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What is so special about tanuki?

Tanuki, or Japanese Raccoon Dog, can often be seen in Japan. He stares at you in the streets or on temple grounds, smiling proudly and showing off his big belly. Since my first encounter it has puzzled me why tanuki is so popular here. It turns out that this animal is an important part of Japanese culture, deeply entwined with the collective consciousness of the Japanese.


The Raccoon dog is actually not a close relative of the raccoon. As you can see, the name is as mischievous as its bearer. Raccoon dogs are monogamous animals and usually live in pairs or small groups. They are the only dogs that hibernate in winter.

Typical mischievous tanuki can be seen in a nostalgic, quaint animated movie “Pom Poko” by Studio Ghibli. It is rather long (almost 2 hours) but it has a lot of pleasant moments that everyone who is at least a little interested in Japanese culture will enjoy. If I was born and raised in Japan, I would have understood it more I’m sure.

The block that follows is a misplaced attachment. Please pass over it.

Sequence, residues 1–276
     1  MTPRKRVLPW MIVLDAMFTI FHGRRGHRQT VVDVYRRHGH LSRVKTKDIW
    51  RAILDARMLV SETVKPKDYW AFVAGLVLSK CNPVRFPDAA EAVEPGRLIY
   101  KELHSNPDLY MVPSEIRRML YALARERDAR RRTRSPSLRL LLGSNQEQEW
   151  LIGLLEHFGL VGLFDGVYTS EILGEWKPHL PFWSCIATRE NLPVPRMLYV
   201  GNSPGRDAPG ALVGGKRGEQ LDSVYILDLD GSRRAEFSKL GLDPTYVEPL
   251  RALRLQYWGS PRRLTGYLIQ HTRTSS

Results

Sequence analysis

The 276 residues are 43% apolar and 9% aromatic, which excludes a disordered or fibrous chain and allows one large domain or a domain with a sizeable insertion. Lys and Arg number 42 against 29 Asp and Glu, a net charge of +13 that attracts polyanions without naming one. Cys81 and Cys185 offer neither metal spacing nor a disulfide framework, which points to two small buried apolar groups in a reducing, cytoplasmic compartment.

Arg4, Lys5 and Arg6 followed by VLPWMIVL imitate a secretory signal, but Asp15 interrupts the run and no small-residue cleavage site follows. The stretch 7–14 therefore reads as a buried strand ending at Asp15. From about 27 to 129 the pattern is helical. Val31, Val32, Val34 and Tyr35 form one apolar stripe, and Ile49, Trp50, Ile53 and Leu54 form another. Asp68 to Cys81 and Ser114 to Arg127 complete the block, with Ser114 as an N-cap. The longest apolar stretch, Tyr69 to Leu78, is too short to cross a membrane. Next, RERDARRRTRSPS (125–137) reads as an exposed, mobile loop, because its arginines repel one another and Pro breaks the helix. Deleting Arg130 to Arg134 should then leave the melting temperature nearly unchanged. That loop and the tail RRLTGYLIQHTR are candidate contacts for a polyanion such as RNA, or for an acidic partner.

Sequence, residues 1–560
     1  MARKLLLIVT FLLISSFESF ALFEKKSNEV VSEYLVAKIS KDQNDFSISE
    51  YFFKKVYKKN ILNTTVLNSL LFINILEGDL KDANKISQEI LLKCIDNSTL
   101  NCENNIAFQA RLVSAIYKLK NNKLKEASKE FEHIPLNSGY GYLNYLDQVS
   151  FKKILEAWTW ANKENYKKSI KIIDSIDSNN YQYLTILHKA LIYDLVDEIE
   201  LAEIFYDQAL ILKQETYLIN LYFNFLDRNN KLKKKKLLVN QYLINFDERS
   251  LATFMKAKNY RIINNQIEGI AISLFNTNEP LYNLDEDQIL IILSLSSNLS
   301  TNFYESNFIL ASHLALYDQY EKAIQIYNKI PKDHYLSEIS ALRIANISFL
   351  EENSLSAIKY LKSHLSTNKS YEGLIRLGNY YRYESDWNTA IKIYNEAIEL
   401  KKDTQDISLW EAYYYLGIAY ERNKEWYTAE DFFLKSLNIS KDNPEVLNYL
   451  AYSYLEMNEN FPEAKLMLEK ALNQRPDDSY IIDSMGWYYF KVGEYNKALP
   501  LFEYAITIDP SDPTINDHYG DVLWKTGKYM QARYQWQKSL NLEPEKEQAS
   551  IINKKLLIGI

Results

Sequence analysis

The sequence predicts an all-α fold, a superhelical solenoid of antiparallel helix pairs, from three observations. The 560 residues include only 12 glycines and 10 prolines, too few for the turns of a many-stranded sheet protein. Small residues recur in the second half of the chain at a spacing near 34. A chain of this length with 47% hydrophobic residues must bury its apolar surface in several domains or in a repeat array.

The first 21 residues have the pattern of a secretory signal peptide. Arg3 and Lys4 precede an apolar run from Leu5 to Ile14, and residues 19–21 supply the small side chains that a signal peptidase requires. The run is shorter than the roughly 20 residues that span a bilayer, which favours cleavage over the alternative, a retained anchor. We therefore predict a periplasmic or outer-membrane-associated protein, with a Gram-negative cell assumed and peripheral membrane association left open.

Unlike foxes (kitsune), tanuki try to stay away from humans. Nevertheless, both species are believed to use anthropomorphic forms to play tricks on us.

The mystical Japanese Raccoon dog is called Bake-danuki, or ghost tanuki. It is a spirit monster. Each part of Japan has its own stories about bake-danuki, but generally they bring good luck and fortune. Among their most popular “accessories” is a hat (to protect against bad weather) and a bottle of sake (it may be strange, but it represents virtue!).


Bake-danuki represents prosperity so placing his statue in front of a shop or bar supposedly guarantees that customers will be generous.


Article by Olga Kaneda

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